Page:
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  • Writer's pictureitslaurenofcourse

Festive Coleslaw

This dish is like a favorite pair of jeans: it goes with everything, never goes out of style, and always looks great!

Festive Coleslaw
This coleslaw tastes as good as it looks!

The colors are what make this coleslaw so festive: I use purple and green cabbage, orange carrots, and yellow and red peppers. Sure, you could make this with the standard coleslaw mix of green cabbage and carrots. But nothing says festive more than a side dish that looks like confetti! Top this slaw on your favorite sandwich or bring it to a backyard barbecue. Throw in some grated apple or chopped pecans for another dimension.

Equipment: cutting board, chef’s knife; dry measuring cups; measuring spoons; peeler; box grater or food processor; large mixing bowl; rubber spatula

Ingredients: ½ cup mayonnaise

¼ cup sour cream

2 teaspoons sugar

1 tablespoon lemon juice or cider vinegar

½ teaspoon celery seed

kosher salt and freshly ground pepper to taste

1 small head of red cabbage, chiffonade or finely shredded 1 small head of green cabbage, chiffonade or finely shredded

1 carrot, shredded

1 small red pepper, julienned

1 small yellow pepper, julienned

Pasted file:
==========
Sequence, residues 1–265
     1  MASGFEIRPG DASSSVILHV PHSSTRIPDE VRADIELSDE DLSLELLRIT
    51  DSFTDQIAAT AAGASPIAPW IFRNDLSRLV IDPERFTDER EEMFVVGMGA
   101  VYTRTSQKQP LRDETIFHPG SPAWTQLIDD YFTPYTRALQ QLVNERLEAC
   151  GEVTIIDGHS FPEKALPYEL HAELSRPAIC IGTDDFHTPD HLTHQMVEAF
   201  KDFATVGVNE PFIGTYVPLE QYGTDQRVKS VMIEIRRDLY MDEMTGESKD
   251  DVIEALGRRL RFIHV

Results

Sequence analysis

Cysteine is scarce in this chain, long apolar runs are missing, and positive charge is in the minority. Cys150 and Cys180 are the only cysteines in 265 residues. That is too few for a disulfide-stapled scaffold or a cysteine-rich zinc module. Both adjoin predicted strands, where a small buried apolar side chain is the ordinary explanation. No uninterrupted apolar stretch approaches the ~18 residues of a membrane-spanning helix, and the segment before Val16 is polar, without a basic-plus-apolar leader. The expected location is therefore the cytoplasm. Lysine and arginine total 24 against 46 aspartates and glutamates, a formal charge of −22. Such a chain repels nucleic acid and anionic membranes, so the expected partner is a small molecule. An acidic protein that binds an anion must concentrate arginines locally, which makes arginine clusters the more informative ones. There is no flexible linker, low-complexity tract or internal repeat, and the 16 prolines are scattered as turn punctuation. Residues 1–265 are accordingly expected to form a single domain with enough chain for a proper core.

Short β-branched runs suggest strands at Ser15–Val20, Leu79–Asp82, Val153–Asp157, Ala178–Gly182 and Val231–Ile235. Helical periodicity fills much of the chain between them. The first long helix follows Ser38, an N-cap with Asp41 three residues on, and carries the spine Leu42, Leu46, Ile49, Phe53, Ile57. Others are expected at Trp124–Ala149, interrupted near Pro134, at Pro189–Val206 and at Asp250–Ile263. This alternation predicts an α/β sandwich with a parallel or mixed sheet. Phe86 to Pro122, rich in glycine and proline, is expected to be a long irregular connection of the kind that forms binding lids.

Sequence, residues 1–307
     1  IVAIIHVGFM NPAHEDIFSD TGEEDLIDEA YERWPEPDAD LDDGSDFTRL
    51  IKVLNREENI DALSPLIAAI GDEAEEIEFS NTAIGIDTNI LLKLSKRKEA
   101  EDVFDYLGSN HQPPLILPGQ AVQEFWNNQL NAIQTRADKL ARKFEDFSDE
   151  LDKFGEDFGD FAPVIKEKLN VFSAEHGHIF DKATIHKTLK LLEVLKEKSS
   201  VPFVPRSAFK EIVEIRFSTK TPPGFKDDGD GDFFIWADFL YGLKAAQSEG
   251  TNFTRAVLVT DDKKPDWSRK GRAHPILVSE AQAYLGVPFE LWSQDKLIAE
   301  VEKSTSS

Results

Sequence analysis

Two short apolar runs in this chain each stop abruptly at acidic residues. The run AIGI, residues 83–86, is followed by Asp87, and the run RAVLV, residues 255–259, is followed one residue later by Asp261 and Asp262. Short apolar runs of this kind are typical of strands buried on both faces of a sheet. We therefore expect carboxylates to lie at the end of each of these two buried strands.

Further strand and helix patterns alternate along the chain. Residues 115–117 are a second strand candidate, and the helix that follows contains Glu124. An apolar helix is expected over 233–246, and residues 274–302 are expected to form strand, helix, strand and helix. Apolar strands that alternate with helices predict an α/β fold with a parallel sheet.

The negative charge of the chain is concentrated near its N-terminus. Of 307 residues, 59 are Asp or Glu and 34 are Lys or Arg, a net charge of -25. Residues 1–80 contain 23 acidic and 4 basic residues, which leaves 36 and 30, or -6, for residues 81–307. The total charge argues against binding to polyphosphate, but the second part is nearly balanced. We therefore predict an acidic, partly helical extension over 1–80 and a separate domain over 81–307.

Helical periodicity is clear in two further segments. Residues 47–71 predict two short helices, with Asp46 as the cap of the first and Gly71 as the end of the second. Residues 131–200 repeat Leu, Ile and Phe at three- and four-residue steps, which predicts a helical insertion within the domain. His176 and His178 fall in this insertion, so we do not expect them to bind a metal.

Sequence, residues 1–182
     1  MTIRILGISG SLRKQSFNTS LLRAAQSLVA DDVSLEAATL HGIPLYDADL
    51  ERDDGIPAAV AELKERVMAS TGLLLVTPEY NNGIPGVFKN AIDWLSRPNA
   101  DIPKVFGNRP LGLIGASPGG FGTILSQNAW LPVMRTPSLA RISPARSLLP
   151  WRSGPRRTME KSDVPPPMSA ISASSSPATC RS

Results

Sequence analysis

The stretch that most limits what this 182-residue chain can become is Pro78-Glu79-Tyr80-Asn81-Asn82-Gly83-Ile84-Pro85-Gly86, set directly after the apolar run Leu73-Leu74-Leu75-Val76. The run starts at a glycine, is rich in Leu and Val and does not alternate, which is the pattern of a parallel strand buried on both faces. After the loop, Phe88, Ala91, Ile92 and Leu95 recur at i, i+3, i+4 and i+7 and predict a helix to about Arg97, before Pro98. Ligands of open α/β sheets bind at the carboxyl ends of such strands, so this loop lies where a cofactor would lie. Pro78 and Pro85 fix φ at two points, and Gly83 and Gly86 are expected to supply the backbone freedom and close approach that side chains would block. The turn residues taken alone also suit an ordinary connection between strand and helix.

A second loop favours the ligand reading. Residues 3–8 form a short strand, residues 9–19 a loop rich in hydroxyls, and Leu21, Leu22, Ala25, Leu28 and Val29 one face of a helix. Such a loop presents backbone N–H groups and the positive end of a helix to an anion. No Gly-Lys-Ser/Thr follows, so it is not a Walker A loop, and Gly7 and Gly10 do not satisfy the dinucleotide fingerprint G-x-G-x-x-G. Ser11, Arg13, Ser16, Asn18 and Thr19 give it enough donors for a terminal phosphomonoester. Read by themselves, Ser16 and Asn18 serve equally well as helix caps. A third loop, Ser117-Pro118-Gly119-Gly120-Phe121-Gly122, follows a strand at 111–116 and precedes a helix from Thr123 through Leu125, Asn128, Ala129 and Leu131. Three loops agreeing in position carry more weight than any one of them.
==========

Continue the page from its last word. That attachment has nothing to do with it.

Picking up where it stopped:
"This dish is best made several hours up to one day in advance, which allows the dressing to slightly wilt and tenderize the cabbage."

1. In a large bowl, mix the mayonnaise, sour cream, sugar, lemon juice or vinegar, and celery seed. Season with kosher salt and freshly ground pepper to taste.

2. Add the shredded cabbages, grated carrot, and julienned peppers. Toss well to coat.

Refrigerate until ready to serve.

Makes 8-10 servings.

Get Right to the Core

Even once you split the cabbage down the middle, it still has half a woody, tough core. Before you begin shredding or cutting the cabbage, stand it up on its base and slice a triangle around the core. Remove the cut chunk from the base and discard. Repeat the process with the second half.

More Control, Less Cleanup

Coleslaw is best when the cabbage and other vegetables are finely shredded or thinly sliced. You can use a food processor or box grater (watch those knuckles!), but using your knife to make a chiffonade, gives you greater control over the look of the finished product, and leaves you less to clean. Remove a few leaves from the cabbage at a time, stack them, and then roll them. Begin slicing across the shortest end of the cabbage – more manageable for you to cut and an easier size to eat.

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